Thursday, June 14, 2012

In Defensione Papuri


The following article was first written for a Magazine called "Renovare" produced and read by a small group of my friends. The goal of the Renovare was to foster intellectual writing and discussion beyond the classroom. It also afforded us the opportunity to write on subjects beyond the scope of any individual class and draw from all that we had learned instead of just showing what we had learned for a specific subject. This magazine mostly dissolved after I left seminary allow there have been occasional attempts to revive it. 


“In the Beginning was the Word and the Word was with God and the Word was God.” John 1: 1

The question has been asked of me if Renovare should be set up like a blog. I answer, No.

Words are very powerful and delicate. In the beginning Adam named the creatures. He gave audio symbols to the objects of the word. Words have become the symbols of people, places, things, ideas and actions. They are used for conveying ideas, specifying, constructing and anything else we think. And the words themselves are combinations of other symbols, either letters or characters, depending on the language.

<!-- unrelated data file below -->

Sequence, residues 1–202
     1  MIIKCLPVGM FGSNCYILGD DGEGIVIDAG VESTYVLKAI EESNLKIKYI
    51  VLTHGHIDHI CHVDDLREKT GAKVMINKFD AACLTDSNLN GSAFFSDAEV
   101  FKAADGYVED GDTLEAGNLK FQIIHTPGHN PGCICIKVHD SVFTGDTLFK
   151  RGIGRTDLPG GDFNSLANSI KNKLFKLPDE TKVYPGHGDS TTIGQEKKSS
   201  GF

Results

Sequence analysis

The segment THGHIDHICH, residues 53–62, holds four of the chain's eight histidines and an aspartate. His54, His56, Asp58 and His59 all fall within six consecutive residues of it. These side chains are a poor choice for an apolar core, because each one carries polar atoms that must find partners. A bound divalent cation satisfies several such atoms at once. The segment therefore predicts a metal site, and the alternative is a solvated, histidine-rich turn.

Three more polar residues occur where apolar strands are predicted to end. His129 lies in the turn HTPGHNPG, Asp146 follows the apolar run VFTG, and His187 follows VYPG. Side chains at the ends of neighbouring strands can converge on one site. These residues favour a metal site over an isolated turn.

Words are greater then just symbols. Take the instance of a yellow sign with a black arrow bending to the left. This symbol indicates that the road curves to the left. This sign, while fulfilling its function, does not transcend itself, but rather remains as its own image in one’s mind totally apart from the road and the curve. Words transcend the symbols of which they are constructed. If I were to write, “He came to the point where the road curved left.” Anyone who knew the meaning of those words would have an image of that scene without visualizing in that image any of the symbols used in the sentence. Instead he would pull from his universal ideas of road, curve, and left to create the image.

I have even heard speculation combining Plato’s idea of remembrance (as opposed to learning) and the time before Babel. The argument followed that if two people separately encountered the same unnamed object they would remember it to have the same name. A second theory I find more satisfying and equally improvable is that the first language of man, the language spoken in the Garden, was perfectly fitting between symbol and object, thus achieving a similar naming of objects as the first theory.